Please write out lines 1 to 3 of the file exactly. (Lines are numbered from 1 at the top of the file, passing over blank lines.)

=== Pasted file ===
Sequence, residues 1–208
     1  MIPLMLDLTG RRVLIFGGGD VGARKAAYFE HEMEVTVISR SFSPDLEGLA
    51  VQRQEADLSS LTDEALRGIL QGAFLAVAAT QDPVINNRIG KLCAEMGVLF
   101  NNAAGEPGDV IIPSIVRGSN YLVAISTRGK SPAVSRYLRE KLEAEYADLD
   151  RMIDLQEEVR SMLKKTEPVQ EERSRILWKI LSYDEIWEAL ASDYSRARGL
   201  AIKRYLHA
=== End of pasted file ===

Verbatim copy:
Sequence, residues 1–208
     1  MIPLMLDLTG RRVLIFGGGD VGARKAAYFE HEMEVTVISR SFSPDLEGLA
    51  VQRQEADLSS LTDEALRGIL QGAFLAVAAT QDPVINNRIG KLCAEMGVLF